• Maintenance hourly
  • Production hourly
  • Production supervision
  • Storeroom
  • Engineering
  • Maintenance supervision

First, let’s examine the issue of incurring downtime.

The assembled group is tasked with developing a 5-layer ‘downtime’ breakout with an associated weight. What we are constructing in this process, is a method to convert subjective to objective; an objective number whose cumulative score can be used as a cut-off to determine if a part is critical or not. This spreadsheet becomes the algorithm of our determination process. I like to call it the calculus of our critical spare parts practice.

Now, really think about this. What component would truly shut your plant down immediately? The entire operation, the whole facility? A room full of production people would probably come up with a list of production machinery; that makes sense. Maintenance and engineering might come up with another, completely different list. Very few components send everyone home. In fact, it’s very likely that the only components that would send even the receptionist home are related to power distribution. Generally, failure of the first transformer you own (after the utility company’s transformer), or some high-voltage switchgear, can send everyone home. How many spare parts do you have in your storeroom for these assets? In fact, I’d be willing to wager that the PM and PdM program on these assets don’t really reflect the absolute criticality they have to the operation and livelihood of your facility. That, however, is another topic for another time.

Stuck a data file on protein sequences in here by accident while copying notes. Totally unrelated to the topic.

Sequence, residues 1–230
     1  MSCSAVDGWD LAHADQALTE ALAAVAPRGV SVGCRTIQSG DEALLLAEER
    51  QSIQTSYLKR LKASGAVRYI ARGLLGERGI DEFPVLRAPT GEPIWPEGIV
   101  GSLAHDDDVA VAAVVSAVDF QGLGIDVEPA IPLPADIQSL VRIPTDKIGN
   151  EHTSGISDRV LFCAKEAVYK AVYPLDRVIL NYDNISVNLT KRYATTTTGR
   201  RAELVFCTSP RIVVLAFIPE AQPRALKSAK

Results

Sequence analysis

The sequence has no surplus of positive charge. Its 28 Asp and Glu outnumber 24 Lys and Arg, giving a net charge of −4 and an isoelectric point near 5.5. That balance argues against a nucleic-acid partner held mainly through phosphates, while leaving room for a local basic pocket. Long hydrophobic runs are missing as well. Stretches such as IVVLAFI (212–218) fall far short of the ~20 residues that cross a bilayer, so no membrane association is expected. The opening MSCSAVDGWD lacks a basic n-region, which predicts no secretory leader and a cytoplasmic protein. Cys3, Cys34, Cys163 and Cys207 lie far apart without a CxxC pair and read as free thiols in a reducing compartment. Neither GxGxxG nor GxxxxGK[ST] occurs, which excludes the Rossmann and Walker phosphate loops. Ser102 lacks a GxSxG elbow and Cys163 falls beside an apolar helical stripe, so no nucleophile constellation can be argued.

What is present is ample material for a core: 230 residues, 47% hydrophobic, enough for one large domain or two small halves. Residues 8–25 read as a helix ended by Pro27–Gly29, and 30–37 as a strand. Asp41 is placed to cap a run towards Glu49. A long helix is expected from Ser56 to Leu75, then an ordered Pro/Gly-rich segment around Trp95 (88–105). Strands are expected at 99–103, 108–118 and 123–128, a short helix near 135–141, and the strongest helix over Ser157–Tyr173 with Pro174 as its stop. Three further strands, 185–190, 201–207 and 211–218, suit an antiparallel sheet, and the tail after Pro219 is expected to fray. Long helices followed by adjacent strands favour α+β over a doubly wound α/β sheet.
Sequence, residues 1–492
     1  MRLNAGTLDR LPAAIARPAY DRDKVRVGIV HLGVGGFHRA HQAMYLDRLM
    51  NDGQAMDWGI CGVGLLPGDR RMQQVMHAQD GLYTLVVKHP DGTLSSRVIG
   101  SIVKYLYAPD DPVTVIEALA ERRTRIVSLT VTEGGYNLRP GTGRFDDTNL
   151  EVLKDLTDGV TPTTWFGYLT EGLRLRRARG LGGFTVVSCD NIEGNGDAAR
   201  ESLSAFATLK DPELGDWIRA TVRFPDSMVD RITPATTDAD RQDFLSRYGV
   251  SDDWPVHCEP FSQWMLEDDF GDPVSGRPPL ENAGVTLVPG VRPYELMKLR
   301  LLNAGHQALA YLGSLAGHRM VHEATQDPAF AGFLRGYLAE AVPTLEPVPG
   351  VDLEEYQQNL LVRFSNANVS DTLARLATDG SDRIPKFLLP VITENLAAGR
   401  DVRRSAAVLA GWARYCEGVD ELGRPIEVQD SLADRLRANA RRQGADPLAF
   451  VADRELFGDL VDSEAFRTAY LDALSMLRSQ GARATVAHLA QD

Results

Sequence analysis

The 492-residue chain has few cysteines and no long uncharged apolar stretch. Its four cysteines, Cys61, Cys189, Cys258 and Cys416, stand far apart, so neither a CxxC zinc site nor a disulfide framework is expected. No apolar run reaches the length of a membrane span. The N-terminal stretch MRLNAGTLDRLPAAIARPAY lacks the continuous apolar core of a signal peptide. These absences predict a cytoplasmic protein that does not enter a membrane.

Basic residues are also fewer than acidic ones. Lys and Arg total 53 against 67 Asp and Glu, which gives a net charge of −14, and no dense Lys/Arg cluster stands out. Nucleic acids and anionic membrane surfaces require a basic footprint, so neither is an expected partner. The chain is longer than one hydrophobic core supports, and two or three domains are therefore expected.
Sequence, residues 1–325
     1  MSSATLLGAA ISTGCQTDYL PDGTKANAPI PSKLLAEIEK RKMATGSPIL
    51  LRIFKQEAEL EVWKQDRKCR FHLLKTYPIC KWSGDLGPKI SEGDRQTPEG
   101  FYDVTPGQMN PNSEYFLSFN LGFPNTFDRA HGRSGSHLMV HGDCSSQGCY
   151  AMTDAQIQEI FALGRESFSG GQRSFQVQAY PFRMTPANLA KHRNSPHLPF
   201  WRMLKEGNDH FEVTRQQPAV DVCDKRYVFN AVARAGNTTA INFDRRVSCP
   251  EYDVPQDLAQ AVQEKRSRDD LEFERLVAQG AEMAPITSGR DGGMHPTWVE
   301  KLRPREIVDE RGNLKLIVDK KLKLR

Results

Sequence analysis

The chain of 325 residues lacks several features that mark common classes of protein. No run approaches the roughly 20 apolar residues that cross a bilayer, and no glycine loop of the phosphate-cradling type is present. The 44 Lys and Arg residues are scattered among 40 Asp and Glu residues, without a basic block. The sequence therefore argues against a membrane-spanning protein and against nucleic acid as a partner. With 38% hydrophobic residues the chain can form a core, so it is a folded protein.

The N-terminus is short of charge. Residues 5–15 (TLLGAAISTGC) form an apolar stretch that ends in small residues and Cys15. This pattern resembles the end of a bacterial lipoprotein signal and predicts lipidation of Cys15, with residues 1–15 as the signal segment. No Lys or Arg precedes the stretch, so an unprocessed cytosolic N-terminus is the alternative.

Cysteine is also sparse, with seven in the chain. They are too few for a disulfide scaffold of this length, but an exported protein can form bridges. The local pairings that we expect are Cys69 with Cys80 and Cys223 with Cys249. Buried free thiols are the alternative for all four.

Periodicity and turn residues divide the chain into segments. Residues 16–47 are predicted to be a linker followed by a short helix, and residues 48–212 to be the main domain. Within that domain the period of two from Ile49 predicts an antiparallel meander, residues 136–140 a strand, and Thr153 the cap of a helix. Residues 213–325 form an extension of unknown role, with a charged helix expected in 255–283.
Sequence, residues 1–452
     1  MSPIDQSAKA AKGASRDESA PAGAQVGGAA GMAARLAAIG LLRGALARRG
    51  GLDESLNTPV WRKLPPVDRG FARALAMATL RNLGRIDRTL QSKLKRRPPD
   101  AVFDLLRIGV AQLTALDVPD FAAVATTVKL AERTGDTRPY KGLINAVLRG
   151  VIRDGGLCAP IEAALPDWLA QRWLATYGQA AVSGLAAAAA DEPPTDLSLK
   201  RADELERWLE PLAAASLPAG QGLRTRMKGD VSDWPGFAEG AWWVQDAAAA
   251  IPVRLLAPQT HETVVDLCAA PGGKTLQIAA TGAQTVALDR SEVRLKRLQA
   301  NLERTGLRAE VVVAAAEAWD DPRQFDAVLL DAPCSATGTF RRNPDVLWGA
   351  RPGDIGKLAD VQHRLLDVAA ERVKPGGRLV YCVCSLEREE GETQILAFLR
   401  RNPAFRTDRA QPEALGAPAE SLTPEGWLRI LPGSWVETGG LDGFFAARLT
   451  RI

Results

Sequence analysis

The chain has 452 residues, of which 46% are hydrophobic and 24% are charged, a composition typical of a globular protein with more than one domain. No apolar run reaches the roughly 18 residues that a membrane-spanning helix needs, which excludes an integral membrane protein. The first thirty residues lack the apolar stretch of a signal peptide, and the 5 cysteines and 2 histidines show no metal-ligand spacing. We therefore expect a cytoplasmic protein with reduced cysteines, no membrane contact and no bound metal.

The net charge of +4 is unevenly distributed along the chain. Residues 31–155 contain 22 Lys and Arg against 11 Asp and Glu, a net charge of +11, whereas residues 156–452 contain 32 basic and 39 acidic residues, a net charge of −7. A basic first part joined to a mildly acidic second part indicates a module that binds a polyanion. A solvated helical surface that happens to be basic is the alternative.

The sample table shown in table 1 is meant as a vehicle that the group can use to agree on the level of importance that the component has on the production of the plant. Not all components have a weight of 5. In fact, some have no impact at all (-2).

This addresses downtime. So, what about costs? The same approach is taken to consider the cost of a component. For the sake of this article, I will provide another sample table. These tables are only to be considered as samples. As I said earlier, a critical spare part is whatever we say it is. We just have to ‘say’ what it is. We do that by expressing the significance through these tables, and the collective sum of their weighted values. For other attributes of a critical spare part, simply construct additional tables.